Category Archives: NADA

New American Dark Ages

Jesus would be alive if he had had an AK-47

The NRA is working on a time machine. They plan to go back in time to arm oppressed people everywhere. (And to arm their oppressors, too — that’s just smart business and only fair.) They’ll start with automatic rifles for the apostles.

If Africans had had firepower, they wouldn’t have been enslaved. (After all, the slavers did have guns.) If the Slaves had had guns, the Civil War would have ended sooner. (Slave holders had guns.)

If women had had machine guns, they wouldn’t have been beaten and imprisoned for demanding the right to vote.

The only thing standing between good and evil is a time traveler with a gun. See you at Little Big Horn. (Wait! No! Everyone had guns there.)

The frightened Right

I feel sorry for the people who are foaming over the threat they perceive behind sensible gun legislation. Some people fear their government and their fellow citizens. Some are furiously certain that liberals and Democrats want to take their guns as the first step toward a new Holocaust. It’s sad that clutching a weapon of mass murder doesn’t make people one whit less afraid. And it’s alarming that frightened, paranoid people serve the Gun Industry. Sales will rise again this week Ca-ching!

Kareem Abdul-Jabbar: Trump and ISIS Depend on Irrationality

Kareem Abdul-Jabbar: Trump and ISIS Depend on Irrationality

Congress was elected to protect our children, not sell them out for campaign contributions from gun manufacturers and the NRA. They can yammer about the Second Amendment all they want, but that’s just another smoke screen so we don’t notice that their jobs are paid for with our children’s blood.

Who really needs assault-style rifles that can kill 50 people and wound 53 more in a matter of minutes? Libertarian presidential candidate Gary Johnson claims the people need them to fight off “a growing police state.” Johnson believes when citizens have assault weapons, the government is more likely to grant them due process. Read that again; it’s as crazy as it sounds.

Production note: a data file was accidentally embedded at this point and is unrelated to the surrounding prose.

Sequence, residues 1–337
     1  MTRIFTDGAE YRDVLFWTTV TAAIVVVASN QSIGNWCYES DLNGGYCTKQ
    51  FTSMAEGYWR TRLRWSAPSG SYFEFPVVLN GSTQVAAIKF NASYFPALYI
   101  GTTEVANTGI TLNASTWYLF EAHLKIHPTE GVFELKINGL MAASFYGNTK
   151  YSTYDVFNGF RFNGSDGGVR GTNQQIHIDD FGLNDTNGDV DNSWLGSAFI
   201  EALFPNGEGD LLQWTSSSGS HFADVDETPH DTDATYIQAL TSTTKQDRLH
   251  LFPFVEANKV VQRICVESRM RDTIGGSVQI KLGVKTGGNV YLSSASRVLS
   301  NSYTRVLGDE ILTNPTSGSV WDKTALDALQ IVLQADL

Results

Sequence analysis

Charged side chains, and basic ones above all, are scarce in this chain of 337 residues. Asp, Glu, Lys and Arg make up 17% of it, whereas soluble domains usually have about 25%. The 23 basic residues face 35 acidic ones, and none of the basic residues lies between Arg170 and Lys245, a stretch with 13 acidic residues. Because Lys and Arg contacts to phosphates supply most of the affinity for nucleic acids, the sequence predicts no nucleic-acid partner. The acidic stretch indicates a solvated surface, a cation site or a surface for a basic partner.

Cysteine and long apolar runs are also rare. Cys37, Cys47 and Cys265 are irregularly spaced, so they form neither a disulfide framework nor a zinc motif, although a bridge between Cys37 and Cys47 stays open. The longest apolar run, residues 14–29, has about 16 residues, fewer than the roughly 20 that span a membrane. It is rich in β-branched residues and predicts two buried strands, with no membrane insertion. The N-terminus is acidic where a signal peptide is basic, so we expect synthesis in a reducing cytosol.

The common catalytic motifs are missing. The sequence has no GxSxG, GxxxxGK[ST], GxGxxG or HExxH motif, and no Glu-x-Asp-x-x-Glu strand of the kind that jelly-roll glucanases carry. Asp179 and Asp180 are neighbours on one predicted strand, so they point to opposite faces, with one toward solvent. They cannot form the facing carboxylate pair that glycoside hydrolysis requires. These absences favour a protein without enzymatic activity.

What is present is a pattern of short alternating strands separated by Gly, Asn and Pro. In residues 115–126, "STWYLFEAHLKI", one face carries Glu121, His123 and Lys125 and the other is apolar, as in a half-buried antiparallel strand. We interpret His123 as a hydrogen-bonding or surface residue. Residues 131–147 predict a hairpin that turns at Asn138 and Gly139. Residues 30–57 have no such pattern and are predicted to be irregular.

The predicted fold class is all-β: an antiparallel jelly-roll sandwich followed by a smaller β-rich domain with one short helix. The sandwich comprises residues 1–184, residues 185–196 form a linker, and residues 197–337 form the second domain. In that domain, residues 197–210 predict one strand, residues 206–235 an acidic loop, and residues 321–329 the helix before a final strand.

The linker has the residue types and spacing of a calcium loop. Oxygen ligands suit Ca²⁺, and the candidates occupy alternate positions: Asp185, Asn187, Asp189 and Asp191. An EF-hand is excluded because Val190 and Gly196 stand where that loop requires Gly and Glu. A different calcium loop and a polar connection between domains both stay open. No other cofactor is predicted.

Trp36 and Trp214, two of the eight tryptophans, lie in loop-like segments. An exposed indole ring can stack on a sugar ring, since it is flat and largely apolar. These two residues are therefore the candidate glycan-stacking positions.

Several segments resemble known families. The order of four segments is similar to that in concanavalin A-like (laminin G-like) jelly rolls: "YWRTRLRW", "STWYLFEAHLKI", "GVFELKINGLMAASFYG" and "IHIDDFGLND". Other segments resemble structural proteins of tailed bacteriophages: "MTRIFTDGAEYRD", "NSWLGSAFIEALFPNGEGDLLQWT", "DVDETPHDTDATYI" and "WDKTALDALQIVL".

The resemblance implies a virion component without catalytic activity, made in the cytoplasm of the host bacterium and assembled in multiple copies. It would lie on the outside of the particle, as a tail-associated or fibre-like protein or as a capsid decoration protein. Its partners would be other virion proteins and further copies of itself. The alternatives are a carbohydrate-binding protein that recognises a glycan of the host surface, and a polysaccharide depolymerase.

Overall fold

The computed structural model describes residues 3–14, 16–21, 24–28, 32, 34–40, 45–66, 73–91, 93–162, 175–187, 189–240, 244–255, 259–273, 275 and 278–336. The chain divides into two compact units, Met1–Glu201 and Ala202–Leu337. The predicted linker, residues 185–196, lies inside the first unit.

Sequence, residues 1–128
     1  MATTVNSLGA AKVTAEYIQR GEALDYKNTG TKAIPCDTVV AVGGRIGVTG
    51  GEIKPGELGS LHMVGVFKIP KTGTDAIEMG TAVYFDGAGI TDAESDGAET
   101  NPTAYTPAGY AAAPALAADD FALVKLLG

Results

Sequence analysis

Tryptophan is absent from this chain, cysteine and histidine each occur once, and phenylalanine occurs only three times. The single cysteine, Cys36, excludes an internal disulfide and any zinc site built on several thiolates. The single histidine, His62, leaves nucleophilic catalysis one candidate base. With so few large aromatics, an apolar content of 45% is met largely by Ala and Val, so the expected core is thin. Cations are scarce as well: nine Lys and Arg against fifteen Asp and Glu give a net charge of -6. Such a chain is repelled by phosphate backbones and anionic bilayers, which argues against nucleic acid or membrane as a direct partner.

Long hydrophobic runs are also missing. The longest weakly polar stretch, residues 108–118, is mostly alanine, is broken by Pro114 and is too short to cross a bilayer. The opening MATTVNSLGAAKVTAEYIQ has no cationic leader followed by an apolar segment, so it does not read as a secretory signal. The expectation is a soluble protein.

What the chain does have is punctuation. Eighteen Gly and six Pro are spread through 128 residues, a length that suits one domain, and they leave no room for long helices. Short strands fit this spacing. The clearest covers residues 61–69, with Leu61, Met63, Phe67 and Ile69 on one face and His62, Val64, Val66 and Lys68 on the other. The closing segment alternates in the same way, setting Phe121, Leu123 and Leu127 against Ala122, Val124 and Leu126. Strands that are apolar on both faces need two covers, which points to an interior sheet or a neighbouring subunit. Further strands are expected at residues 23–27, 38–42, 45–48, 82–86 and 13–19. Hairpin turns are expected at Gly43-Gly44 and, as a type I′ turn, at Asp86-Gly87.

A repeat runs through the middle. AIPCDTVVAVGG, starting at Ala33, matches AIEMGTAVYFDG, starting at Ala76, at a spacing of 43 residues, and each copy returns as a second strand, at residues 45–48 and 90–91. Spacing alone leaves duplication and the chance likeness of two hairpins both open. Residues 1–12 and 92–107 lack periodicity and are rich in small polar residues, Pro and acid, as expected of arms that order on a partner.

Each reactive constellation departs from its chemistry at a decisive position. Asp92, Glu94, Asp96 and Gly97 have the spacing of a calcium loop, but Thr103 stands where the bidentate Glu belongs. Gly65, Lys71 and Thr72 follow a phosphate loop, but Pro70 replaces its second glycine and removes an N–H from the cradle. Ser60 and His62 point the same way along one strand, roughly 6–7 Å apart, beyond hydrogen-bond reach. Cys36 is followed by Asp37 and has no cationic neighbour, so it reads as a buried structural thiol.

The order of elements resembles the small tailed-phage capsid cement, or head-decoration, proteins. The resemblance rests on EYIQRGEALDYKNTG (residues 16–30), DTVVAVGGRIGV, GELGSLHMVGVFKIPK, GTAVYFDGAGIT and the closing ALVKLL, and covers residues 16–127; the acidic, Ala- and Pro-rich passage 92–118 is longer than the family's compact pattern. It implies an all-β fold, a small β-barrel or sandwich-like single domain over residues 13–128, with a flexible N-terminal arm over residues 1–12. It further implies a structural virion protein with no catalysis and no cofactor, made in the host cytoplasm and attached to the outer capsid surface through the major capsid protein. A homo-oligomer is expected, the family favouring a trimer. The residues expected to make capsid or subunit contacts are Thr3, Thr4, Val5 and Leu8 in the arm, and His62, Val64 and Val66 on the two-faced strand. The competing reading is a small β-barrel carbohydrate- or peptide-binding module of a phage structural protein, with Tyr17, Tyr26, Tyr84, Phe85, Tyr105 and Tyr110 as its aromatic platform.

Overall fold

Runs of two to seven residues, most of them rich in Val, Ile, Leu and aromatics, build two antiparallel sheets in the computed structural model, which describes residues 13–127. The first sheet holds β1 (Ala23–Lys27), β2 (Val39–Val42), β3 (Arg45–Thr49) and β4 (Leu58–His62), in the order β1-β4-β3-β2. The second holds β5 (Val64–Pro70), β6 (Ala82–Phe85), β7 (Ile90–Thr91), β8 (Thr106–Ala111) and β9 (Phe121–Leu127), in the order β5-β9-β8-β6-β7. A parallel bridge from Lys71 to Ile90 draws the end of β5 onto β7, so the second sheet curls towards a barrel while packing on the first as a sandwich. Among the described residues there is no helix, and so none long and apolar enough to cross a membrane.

The AR-15 has to go, by Amanda Marcotte, Salon

Meet Jon Stokes: Former editor at Wired, founder of Ars Technica, and a man who really, really loves his AR-15. It’s a gun he hastens to explain is “technically a Sig Sauer MCX,” in case you were worried that his piece at Medium defending his beloved weapon would be anything but a tone-deaf temper tantrum by a man who appears to love things more than people.

“If, for you, my AR-15 ownership is prima facie evidence of my mental instability, sexual inadequacy, lack of a conscience, or what-have-you, then I honestly don’t care what you think about this issue,” Stokes scoffs, before writing his loving, erotic ode to this gun in a fashion that does very little to dissuade the reader from concerns regarding lack of conscience or sexual inadequacy.

It’s a little unclear why Stokes felt this week, of all weeks was the proper time to write his engorged tribute to his favorite toy. I realize that he really wants the world to know that his precious is imbued with awesome stopping power, but the grim fact of the matter is that the news cycle this week has done more to show off the dazzling kill abilities of the AR-15 than anything Stokes could write. If you are in doubt, here is a point-by-point comparison.